If you answered this question in less than 30 sec using this approach then all I can say is great job!

As for the easier/faster solution, little hint: it involves simplest algebraic manipulation.

F***ing good !

(x-y)2 = 1-2xy >=0 => xy>=1/2.

Now this should take 15sec ! That's it. +1 again.

Now tell me which one is easier/faster?

Just a little typo there: xy<=1/2.

Haha. I said, then and there, this should take 15 sec. i.e. double the time I took.

P.S. : As we see, the co-ordinate geometry method might not be the best way to solve this particular problem. Having said that I must say one should keep this approach at the back of the mind. Solving complex inequalities can be monumental at times, and certainly more prone to errors while co-ordinate geometry is graphical, clean and quick.
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Re: The Discreet Charm of the DS  [#permalink]

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Hey Bunuel can I ask a question for 12?

We know 6a=3b

And for statement one:

ac =6b. Can't 6b =12a

Then it becomes ac=12a ==> c=12. I know it's wrong since if a is 0 then they will be equal regardless, but can you explain why what I did was wrong?
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Re: The Discreet Charm of the DS  [#permalink]

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kys123 wrote:
Hey Bunuel can I ask a question for 12?

We know 6a=3b

And for statement one:

ac =6b. Can't 6b =12a

Then it becomes ac=12a ==> c=12. I know it's wrong since if a is 0 then they will be equal regardless, but can you explain why what I did was wrong?

Also,

6a = 3b = 7c

Can we say a/b= 1/2, b/c = 7/3, and a/c = 7/6
a) ac = 6b, therefore c = 6b/a
substituting this in b/c => b / (6b/a) = 7/3 => a =14, b=28, c = 12

Isnt A also sufficient? Am I ignoring something?
Math Expert V
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Re: The Discreet Charm of the DS  [#permalink]

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kys123 wrote:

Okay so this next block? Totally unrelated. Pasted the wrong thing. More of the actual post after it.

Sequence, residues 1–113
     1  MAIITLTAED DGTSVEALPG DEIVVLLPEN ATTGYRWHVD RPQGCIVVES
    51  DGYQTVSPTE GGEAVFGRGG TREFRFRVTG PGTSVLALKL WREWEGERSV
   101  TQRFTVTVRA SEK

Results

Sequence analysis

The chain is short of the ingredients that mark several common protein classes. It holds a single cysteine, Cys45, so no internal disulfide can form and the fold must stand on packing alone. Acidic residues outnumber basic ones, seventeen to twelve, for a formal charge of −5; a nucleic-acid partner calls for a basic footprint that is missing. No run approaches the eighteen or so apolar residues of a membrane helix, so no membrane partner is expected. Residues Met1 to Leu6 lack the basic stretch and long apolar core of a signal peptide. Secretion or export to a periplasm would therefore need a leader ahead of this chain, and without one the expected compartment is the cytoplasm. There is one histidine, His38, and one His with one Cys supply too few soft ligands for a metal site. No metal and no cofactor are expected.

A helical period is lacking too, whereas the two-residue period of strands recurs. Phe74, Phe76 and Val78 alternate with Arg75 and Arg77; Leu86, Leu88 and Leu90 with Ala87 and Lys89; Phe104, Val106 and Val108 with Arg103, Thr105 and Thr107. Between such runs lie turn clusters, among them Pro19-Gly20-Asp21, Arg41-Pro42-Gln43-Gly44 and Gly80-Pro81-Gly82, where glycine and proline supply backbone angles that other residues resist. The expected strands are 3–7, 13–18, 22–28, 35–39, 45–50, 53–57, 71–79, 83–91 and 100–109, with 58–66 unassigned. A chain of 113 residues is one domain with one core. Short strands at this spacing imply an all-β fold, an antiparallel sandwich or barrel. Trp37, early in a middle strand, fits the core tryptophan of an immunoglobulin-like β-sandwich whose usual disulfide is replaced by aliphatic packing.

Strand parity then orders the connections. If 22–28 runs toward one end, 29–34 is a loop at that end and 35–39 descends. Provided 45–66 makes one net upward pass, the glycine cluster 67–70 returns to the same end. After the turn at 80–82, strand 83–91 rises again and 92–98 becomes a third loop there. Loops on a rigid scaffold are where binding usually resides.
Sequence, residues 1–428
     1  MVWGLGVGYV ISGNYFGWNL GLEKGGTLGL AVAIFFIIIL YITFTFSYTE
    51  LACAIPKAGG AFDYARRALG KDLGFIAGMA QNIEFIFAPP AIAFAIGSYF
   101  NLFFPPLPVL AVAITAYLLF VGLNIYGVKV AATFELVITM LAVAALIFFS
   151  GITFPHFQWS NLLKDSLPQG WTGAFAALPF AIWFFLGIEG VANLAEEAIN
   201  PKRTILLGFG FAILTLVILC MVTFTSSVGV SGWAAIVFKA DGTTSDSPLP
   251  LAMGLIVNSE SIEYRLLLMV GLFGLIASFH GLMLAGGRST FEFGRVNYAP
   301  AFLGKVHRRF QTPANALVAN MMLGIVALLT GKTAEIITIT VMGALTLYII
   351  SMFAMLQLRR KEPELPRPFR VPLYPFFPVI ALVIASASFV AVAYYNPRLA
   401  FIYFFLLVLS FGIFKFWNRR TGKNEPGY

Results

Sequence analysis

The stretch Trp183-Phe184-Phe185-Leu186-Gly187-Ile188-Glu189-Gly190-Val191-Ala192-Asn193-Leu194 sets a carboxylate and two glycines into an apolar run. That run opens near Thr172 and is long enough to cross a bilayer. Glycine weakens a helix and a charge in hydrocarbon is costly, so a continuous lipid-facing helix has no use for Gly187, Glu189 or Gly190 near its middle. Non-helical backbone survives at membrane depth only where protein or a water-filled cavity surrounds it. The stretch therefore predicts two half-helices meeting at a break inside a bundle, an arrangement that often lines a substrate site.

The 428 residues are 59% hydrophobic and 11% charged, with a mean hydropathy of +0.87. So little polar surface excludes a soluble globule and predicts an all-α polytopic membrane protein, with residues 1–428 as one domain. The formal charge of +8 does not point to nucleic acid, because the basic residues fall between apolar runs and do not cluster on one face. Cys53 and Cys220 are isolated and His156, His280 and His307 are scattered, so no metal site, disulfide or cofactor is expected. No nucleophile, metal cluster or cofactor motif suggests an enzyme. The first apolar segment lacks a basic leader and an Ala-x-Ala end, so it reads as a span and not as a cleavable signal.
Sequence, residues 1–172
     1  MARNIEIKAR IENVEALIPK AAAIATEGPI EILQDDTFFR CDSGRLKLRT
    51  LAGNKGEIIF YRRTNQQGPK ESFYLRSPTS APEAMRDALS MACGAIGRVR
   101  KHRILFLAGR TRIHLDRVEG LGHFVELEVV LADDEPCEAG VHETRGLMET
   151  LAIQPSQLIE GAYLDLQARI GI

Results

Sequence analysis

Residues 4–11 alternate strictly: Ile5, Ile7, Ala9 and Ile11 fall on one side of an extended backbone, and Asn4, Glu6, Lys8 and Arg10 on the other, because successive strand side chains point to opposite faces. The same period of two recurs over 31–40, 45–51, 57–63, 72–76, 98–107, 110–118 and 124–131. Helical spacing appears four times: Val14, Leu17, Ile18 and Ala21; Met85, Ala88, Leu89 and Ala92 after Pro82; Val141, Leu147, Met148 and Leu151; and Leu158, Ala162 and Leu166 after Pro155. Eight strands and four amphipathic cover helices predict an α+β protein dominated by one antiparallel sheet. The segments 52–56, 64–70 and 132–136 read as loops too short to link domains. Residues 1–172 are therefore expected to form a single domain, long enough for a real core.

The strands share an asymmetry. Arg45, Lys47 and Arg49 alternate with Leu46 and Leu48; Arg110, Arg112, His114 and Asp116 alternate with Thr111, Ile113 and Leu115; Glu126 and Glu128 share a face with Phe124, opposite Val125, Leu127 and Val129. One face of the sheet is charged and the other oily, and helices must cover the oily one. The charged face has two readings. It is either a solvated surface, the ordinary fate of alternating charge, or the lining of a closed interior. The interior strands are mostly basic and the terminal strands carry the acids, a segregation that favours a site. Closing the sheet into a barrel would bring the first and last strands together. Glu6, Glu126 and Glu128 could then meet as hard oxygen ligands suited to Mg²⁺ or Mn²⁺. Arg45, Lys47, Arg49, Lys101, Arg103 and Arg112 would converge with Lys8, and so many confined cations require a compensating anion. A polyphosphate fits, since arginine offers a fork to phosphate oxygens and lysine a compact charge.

Hey Bunuel can I ask a question for 12?

We know 6a=3b

And for statement one:

ac =6b. Can't 6b =12a

Then it becomes ac=12a ==> c=12. I know it's wrong since if a is 0 then they will be equal regardless, but can you explain why what I did was wrong?

ac=12a (here you can not reduce by a and write c=12 as you exclude possibility of a=0) --> a(c-12)=0 --> either a=0 OR c=12. So, we get either a=b=c=0 or a=14, b=28 and c=12.

nhemdani wrote:
Also,

6a = 3b = 7c

Can we say a/b= 1/2, b/c = 7/3, and a/c = 7/6
a) ac = 6b, therefore c = 6b/a
substituting this in b/c => b / (6b/a) = 7/3 => a =14, b=28, c = 12

Isnt A also sufficient? Am I ignoring something?

Your doubt is partially addressed above, though there is another thing: from 6a = 3b you can not write a/b=1/2 because b can be zero and we can not divide by zero. The same for other ratios you wrote.

Hope it's clear.
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Re: The Discreet Charm of the DS  [#permalink]

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All,

7. A certain fruit stand sold total of 76 oranges to 19 customers. How many of them bought only one orange?
(1) None of the customers bought more than 4 oranges
(2) The difference between the number of oranges bought by any two customers is even

In respect to the question above, I assumed that any two of those 19 customer might have bought 5 & 3 oranges and hence I, marked the option insufficient. Bunnel have equated and treated the option in totally different way. I ,lack the skill to convert these sort of condition in to equation.

please can some post or point to the list of similar Word translation sentences and how to convert them in to equation. Im very new to GMAT club so please forgie me if this is the repeated posting.

Thanks,
Vids Re: The Discreet Charm of the DS   [#permalink] 25 Feb 2012, 05:27